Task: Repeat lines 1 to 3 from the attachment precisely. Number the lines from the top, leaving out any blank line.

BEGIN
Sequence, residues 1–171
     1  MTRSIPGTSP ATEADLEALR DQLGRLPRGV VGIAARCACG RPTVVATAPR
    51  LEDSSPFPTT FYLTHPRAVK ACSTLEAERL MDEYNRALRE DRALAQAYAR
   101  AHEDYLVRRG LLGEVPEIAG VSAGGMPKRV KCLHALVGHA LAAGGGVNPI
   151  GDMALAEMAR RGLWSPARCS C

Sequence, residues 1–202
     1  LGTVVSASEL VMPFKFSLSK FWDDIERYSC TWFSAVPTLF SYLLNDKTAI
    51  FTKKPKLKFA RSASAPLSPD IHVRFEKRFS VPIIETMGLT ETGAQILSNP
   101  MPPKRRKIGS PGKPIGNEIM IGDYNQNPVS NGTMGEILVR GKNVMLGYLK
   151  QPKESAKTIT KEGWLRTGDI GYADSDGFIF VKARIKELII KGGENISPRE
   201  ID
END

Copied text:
Sequence, residues 1–171
     1  MTRSIPGTSP ATEADLEALR DQLGRLPRGV VGIAARCACG RPTVVATAPR
    51  LEDSSPFPTT FYLTHPRAVK ACSTLEAERL MDEYNRALRE DRALAQAYAR